Thursday, 6 September 2012

Book Review by Eric Adler

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Mervyn Cooke's 'O Derry Boy' smacks of Ireland and the Irish, and of his Irish background, and one feels the blood leaping from his prose.  This short childhood in pictures and poems falls neatly, if painfully in two parts.

Firstly, he writes feelingly of the loss of his father.  The grief, sorrow, tears and pain arrest one from the page.   "Waves of anguish wash over us and we yearn to be found on some faraway, friendier shore " he writes, as his father passes away in September 2007.   The reality of the knowledge that Cooke will no longer have his father with him has created in him feelings of such anguish which this writer found almost unbearable.

Experience indicates that the telling of pain can become less of a reality than the showing of it. 
In this short preamble, the author has bridged that difficult gap with what he calls " The Last Goodbye"

This is followed by a lengthier, second part.  Poems of Cooke's childhood indicate with similar strength, his farming family background, " the scratching of fowls, the screaming of the runt of the litter  ".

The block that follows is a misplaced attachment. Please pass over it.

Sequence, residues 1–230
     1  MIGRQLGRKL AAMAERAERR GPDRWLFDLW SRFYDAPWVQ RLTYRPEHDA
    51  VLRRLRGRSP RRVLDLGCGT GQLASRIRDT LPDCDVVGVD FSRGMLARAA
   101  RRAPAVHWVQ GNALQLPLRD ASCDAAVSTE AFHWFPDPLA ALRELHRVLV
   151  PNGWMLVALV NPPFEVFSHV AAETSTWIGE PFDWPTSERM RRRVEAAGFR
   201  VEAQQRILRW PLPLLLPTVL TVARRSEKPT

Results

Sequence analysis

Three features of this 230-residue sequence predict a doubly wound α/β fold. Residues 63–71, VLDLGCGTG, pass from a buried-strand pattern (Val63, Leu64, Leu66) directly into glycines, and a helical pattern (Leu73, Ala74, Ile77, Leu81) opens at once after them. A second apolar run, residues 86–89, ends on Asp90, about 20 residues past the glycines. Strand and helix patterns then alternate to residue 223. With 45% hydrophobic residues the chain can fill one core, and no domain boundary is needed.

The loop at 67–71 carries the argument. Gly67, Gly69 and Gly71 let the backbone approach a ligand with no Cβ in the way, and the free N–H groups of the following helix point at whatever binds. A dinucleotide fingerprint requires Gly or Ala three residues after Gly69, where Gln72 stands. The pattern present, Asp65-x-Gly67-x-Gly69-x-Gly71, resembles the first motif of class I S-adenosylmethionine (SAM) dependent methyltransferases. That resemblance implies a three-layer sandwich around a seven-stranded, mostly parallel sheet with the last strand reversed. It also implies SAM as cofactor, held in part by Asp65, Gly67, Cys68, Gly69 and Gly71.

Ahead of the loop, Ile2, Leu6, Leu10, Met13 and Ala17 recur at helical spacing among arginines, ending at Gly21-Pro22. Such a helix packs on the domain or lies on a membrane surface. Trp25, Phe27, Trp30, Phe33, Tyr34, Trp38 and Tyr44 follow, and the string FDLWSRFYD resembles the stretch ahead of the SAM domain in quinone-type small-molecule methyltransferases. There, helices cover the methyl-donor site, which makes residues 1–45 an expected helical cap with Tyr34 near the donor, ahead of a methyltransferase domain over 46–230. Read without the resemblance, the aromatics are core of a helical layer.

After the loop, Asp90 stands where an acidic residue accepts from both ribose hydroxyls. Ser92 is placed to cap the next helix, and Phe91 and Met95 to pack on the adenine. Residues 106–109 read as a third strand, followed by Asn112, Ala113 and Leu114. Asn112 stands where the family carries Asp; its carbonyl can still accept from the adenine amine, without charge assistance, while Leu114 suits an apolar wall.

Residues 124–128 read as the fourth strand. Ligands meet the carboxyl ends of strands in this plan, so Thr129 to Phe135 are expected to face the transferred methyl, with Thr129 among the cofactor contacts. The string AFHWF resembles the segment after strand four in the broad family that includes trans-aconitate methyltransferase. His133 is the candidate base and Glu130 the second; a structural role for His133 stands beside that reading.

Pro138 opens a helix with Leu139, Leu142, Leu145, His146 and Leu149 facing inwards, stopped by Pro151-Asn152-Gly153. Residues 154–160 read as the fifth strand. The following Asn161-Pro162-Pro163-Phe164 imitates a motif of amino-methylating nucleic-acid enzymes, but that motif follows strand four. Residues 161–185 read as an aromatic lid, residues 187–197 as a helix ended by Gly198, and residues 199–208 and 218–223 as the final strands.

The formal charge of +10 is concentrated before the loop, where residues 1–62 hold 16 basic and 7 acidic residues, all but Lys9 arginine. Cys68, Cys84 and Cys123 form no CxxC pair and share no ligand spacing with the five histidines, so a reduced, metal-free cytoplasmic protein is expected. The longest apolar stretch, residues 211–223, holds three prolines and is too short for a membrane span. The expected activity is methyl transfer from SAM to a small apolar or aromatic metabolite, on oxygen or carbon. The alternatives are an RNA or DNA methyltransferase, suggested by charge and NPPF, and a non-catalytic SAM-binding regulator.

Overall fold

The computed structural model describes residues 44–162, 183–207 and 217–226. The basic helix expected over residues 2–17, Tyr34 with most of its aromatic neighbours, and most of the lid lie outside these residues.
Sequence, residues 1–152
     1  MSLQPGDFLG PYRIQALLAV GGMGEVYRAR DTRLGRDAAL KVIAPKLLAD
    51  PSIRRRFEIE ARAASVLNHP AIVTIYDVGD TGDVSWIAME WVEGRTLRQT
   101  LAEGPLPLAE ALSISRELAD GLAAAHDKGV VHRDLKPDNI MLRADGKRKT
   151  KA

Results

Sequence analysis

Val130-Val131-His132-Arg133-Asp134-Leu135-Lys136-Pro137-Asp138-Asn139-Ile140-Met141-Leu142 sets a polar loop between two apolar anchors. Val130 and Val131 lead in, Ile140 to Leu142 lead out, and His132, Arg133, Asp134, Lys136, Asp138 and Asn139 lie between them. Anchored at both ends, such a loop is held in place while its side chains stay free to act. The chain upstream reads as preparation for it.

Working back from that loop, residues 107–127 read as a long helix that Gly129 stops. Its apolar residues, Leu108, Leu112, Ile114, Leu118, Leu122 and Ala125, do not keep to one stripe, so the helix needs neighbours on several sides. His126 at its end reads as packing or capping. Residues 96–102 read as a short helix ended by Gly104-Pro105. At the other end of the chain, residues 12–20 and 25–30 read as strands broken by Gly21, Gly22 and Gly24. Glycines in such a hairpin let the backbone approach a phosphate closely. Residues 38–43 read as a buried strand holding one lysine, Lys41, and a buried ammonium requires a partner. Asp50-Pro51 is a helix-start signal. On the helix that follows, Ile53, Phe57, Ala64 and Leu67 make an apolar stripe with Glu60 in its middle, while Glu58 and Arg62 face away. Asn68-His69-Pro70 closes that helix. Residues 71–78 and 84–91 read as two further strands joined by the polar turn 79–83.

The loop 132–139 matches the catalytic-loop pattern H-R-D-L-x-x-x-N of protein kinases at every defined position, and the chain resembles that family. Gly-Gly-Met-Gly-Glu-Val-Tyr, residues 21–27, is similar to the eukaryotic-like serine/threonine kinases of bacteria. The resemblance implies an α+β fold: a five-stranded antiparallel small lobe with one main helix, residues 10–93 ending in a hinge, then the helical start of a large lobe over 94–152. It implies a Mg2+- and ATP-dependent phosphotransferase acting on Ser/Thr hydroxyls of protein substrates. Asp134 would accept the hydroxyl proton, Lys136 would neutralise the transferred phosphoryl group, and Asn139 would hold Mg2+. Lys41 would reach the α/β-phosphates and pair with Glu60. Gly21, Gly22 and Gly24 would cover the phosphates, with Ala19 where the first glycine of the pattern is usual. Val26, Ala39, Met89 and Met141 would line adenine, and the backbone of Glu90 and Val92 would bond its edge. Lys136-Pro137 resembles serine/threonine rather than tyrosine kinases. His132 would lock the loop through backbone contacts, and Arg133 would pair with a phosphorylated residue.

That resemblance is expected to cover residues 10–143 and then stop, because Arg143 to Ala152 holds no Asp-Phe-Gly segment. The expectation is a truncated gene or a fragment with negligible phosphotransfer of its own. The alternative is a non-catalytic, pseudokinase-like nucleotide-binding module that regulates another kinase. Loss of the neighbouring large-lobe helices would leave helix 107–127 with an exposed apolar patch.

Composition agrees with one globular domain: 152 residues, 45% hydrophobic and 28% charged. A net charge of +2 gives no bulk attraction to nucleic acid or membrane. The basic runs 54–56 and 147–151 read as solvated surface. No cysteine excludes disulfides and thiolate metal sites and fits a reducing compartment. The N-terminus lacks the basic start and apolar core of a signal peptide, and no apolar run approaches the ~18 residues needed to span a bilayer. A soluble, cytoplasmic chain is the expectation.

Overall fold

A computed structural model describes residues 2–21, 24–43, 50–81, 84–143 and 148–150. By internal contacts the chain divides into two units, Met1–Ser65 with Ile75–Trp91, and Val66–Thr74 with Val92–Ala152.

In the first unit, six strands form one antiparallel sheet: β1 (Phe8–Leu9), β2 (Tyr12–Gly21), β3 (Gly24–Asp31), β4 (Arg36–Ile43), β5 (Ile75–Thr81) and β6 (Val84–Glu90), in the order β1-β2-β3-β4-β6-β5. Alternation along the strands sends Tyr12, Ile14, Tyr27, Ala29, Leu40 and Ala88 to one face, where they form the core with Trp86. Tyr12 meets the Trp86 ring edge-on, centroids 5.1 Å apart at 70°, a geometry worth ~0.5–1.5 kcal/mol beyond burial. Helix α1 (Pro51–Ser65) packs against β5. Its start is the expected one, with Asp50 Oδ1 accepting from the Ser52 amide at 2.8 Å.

In ' And I Awake' he does not mince his words; " ..sickly smell of sweet manure " and "..the slap and plop of cow dung murdered the yard " , show, rather than tell of a happy boyhood partly spent on the farm.

These poems, sometimes brief, short, occasionally lengthy, show a strength of formidable insight into the human condition of boyhood seen from the maturity of years.  They are showing and give cause for immediate re-reading.

The black and white photographs assist in the understanding of youth in an Irish outdoor background.  Some are out-of-focus which, interestingly, lend a feeling that one might wish to have been with Cooke and his family in those creamy years.

O Derry Boy - E-Book $ 2.99 Hard back $ 36.40

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